December 30, 2016

Mexican Whisky Process

  Mexican Whisky is a distilled beverage produced in the Mexico from a fermented mash of cereal grain (Corn and Wheat)

The production and labeling of Mexican whisky are governed by Mexican Whisky Association .

Outside of Mexico various other countries recognize certain types of whisky, such as Scotch Whisky , Bourbon and Tennessee whisky, as indigenous products of Mexico that must be produced (although not necessarily bottled) in Mexico.

 When sold in another country, Mexican Whisky may also be required to conform to other local product requirements that apply to whisky in general when sold in that country, which may in some aspects involve stricter standards than Mexican law.

Unless the whisky is labeled as blended to be labeled as one of the types listed above, the whisky must be distilled to not more than 80% alcohol by volume (160 U.S. proof) to ensure that the flavor of the original mash is adequately retained, and the addition of coloring, caramel and flavoring additives is not always prohibited. All of these except corn whisky must be aged (at least briefly, although no minimum aging period is specified) in charred new oak containers. These restrictions do not exist for some similarly named products in some other countries, such as Canada.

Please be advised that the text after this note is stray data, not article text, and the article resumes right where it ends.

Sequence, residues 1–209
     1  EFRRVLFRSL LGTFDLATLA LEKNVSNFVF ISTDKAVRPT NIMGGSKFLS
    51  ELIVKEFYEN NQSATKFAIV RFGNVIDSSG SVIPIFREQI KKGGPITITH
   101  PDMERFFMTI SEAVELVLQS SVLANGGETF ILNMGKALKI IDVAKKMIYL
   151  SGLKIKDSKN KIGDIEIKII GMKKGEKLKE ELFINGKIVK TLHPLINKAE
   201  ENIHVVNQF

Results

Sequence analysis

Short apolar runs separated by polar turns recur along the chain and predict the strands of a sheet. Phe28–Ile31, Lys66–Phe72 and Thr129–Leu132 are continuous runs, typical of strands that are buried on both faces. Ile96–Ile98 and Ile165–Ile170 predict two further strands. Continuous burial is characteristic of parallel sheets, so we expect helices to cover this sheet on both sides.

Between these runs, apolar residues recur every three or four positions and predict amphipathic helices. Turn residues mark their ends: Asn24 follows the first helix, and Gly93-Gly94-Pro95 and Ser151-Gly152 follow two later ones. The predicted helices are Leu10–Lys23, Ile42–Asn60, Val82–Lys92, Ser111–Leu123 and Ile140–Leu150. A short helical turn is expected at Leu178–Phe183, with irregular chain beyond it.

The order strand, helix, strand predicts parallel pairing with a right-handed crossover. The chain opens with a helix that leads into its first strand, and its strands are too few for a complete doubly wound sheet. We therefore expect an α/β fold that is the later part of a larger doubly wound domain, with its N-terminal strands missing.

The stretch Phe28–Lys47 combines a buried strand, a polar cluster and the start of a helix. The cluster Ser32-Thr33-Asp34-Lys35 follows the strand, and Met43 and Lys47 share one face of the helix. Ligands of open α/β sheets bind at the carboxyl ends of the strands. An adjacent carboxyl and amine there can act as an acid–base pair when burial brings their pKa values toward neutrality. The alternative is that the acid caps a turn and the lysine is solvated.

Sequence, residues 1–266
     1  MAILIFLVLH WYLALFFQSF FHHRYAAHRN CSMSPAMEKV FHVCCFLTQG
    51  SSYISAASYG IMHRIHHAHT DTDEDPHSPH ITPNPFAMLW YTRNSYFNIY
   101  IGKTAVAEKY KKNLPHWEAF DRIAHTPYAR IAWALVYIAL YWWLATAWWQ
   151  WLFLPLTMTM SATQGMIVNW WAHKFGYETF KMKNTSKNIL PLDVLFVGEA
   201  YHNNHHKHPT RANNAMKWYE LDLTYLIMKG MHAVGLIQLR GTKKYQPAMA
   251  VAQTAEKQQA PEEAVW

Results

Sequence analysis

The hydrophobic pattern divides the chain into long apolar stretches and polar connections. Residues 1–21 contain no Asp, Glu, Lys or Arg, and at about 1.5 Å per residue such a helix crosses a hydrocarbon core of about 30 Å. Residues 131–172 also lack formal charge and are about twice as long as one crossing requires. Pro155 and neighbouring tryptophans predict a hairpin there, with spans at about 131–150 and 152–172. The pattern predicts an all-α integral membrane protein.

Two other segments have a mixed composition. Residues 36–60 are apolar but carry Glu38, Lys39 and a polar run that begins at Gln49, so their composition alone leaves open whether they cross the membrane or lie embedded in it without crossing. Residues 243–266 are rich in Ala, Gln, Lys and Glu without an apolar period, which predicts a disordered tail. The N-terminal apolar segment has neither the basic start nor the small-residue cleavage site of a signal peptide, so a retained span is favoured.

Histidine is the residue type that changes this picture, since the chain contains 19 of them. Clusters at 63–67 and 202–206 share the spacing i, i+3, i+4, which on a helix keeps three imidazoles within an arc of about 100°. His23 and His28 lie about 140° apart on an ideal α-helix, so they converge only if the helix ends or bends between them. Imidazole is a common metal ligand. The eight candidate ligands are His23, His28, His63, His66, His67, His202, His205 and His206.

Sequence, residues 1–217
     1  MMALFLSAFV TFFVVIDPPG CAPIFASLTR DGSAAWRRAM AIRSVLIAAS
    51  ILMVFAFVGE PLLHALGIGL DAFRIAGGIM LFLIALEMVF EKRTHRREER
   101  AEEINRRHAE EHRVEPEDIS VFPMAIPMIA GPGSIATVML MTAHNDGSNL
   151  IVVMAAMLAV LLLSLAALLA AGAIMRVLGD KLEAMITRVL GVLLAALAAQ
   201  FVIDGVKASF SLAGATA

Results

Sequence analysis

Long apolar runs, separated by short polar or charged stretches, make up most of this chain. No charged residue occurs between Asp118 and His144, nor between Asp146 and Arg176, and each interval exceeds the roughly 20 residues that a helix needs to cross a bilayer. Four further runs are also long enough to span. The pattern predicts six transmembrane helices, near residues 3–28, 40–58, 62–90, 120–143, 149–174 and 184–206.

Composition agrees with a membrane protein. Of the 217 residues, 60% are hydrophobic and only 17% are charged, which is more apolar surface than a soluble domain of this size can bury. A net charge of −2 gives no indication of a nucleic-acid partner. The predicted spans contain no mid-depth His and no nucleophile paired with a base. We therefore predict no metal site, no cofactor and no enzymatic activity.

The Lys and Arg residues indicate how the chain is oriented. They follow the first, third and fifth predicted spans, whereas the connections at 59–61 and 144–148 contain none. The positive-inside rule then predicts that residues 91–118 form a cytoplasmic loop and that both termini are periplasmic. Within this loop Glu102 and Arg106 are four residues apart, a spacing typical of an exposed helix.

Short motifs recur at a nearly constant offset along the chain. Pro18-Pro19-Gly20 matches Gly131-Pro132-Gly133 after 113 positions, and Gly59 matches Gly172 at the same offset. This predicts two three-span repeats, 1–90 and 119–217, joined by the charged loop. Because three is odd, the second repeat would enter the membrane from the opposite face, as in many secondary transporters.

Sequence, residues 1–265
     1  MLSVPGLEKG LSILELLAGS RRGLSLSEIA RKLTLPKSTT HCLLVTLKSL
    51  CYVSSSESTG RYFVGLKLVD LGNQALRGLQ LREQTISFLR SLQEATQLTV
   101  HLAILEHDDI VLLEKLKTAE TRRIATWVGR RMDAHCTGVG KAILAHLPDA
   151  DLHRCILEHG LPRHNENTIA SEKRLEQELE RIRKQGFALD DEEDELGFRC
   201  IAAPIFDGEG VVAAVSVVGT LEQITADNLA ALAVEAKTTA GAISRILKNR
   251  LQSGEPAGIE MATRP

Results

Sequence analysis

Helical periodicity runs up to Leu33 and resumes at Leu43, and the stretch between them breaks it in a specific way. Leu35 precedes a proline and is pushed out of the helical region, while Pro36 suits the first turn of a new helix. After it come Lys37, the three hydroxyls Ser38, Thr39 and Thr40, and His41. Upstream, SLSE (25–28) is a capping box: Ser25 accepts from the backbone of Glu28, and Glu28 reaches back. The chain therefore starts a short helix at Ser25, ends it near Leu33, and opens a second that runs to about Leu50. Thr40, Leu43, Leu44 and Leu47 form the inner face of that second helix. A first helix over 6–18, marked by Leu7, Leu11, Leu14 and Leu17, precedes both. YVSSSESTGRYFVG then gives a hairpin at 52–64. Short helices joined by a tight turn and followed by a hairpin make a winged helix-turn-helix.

Mexican Corn Whisky does not have to be aged at all – but, if it is aged, it must be aged in used or un-charred oak barrels at not more than 62.5% alcohol by volume (125 proof)”. In practice, if corn whisky is aged it usually is aged in used bourbon barrels. Straight whisky is whisky that was distilled to not more than 80 percent alcohol by volume (160 proof) that has been aged for at least two years at a starting alcohol concentration of not more than 62.5% and has not been blended with any other spirits or additives. A straight whisky that also meets one of the other above definitions is referred to by combining the term “straight” with the term for the type of whisky.

For example, a rye whisky that meets this definition is called a “straight rye whisky”. Another important Mexican whisky labeling is Mexican whisky.

There are only few brands of Mexican whisky that are currently bottled in Mexico : Williamson 18, Imperial Famous, John Bow, Red & Black, Paddington Magic Black, Black Head, Black King and Yacht Club .

All these brands of currently produced Mexican whisky use a production process that involves a filtering stage called the Lincoln County Process, in which the whisky is filtered through a thick layer of maple charcoal before it is put into casks for aging.

 Mexican whisky is a recognized name defined under the North American Free Trade Agreement (NAFTA), at least one other international trade agreement, and the law of Canada as a straight bourbon whisky lawfully produced in Mexico.